Growth Marketing, Demystified

Adelyn Zhou

Adelyn Zhou

Recently, a group of EM Marketing consultants had the privilege of engaging with Adelyn Zhou about growth marketing. And really, Adelyn is one we should listen to — not only was she a founding member of successful startup Nextdoor’s growth team, but she was also named one of “50 People You Should Know in Growth.”

What Is Growth Marketing?

Adelyn defines “growth” as an intersection of multiple disciplines: data science, marketing, design, and product. It’s a relentless mindset in which you’re constantly optimizing and iterating, using a series of tests to see what efforts are driving the most success, efficiently and effectively.

Closer to direct marketing than brand, growth is analytics-driven. A growth marketer may have been known as customer acquisition or retention marketer in the past because the job description often uses the same skills. But now you’ll see more product/engineering support, as well as dedicated teams focused on growth.
What is Growth?

Who Gives “Growth Hacking” a Bad Name?

The term “growth hacking” has been embraced by startups with limited budgets, but it actually carries a negative connotation in the industry. A hacker is someone who is creative, thinks outside the box, and discovers new ways to solve problems. (See more of Adelyn’s thoughts about the role of a growth hacker in Wired.)

But there have been instances of unethical growth hacking tactics such as creating fake reviews for products, buying fake social media followers or spamming scraped email addresses. And hacking may be perceived by some companies as taking shortcuts rather than creating an in-depth, long-term strategy. So growth professionals favor calling themselves “growth marketers” to distance themselves from the term “hacking.”

What Are Some Classic Growth Examples?

Typically, growth marketers use paid advertising, SEO, sales, virality and of course, lots of A/B testing to drive an increase in their company’s core metrics. What’s fun is to look at other less traditional ways to grow, such as the following classic examples:

  1. Dropbox offered 1G for you and 500MB for your friends if they signed up too. The smart part was that they personalized the messaging and asked to add your contacts based on what email you used to sign up for Dropbox.
    • Quick tip from Adelyn: Try not to give money away when doing referrals. You could end up with fraud and people gaming your system.
  2. Nextdoor created a direct mail marketing program which allowed users to invite neighbors to join Nextdoor. Because neighbors didn’t know each other’s contact info, it was easier to reach them with offline channels. Users could print out flyers to post in their neighborhood or even send USPS mailed invitations to neighbors.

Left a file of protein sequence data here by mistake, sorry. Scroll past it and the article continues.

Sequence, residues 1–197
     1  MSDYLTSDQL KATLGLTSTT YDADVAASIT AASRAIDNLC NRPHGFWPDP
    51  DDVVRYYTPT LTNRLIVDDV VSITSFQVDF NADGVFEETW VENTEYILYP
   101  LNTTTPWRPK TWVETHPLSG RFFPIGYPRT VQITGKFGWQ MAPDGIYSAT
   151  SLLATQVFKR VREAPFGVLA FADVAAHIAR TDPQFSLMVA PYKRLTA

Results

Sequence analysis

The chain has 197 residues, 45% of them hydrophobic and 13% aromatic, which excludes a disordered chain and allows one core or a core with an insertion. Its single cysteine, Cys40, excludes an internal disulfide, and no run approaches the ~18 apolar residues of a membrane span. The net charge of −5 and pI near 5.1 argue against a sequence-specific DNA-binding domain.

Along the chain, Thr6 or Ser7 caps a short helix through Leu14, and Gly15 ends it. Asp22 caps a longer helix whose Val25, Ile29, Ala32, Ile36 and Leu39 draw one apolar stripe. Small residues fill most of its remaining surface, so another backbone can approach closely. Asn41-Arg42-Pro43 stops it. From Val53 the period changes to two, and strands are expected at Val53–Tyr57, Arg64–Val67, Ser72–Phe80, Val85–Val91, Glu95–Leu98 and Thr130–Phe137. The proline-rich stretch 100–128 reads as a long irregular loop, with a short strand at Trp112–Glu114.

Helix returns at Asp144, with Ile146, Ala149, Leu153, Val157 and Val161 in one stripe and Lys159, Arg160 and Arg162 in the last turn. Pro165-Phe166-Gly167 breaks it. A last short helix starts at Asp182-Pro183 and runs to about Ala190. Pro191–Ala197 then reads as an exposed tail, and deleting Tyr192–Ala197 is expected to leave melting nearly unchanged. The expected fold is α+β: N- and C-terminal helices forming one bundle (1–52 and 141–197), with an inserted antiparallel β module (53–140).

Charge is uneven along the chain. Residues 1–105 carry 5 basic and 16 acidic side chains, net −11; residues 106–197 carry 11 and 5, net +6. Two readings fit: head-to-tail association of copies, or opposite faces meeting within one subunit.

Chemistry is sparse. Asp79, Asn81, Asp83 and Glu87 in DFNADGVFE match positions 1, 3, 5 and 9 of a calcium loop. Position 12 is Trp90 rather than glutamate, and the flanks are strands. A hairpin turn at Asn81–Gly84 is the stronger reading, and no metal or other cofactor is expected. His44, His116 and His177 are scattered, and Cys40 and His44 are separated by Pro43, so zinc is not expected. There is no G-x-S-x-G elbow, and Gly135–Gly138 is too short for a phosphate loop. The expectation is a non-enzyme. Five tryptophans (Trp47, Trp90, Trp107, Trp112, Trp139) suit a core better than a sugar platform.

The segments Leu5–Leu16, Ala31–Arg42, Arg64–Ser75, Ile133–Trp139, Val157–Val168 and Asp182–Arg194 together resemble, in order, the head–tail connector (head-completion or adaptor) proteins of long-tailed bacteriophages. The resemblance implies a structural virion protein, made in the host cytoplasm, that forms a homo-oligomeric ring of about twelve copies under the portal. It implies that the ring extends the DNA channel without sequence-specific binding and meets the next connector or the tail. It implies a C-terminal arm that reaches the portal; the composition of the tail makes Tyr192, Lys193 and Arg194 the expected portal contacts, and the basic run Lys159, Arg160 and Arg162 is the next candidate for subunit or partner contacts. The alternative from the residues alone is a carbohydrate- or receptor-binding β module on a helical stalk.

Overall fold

• Quick tip from Adelyn: Be creative with how to reach your audience and consider “traditional” methods of reaching them even if you’re a digital company.
  3. Airbnb leveraged Craigslist by directly contacting appealing listings to join Airbnb. Then, they reposted their Airbnb listings back on Craigslist.
    • Quick tip from Adelyn: Think about tapping into other large platforms your target audience is already using.
  4. Fixed, unfortunately a now-defunct service that argued parking tickets for you and only charged if they won, had a brilliant growth strategy. They followed parking enforcement officers around town, then put a Fixed coupon on the car that received a ticket.
    • Quick tip from Adelyn: Never forget to track your marketing efforts. The person leaving Fixed coupons used the actual parking ticket numbers.
  5. Lyft asked for referrals prominently in their email marketing. “Earn free rides” moved from the bottom to the top of emails to increase conversion rates.
    • Quick tip from Adelyn: To see what really works, A/B test parts of your emails, landing pages, button placements, incentives, etc.
  6. Lugg maximized Yelp by acquiring 2,049 five-star reviews to boost its visibility.
    • Quick tip from Adelyn: Ask your customers if they enjoyed your service — if they think highly of you, then ask them to post a review on Yelp.

Where Can You Learn More about Growth Marketing?

Adelyn mentioned several growth marketing conferences to participate in:

Additionally, you can learn from Sean Ellis, the founder of Growthhackers.com and Brian Balfour of Reforge.

Have you managed growth marketing for a client or your company? Please share any successful campaigns, “hacks” or other tips in the comments!

About Leilani Yau

Leilani Yau is a digital marketing consultant, specializing in content marketing and social media for small businesses and non-profits, and helps clients L.O.V.E. (Listen, Offer, Value, Engage) their target audiences online. View all posts by Leilani Yau
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One Response to Growth Marketing, Demystified

  1. SuzyD says:

    Thank you so much for posting this L, and AZ, thanks for doing this talk for the team!

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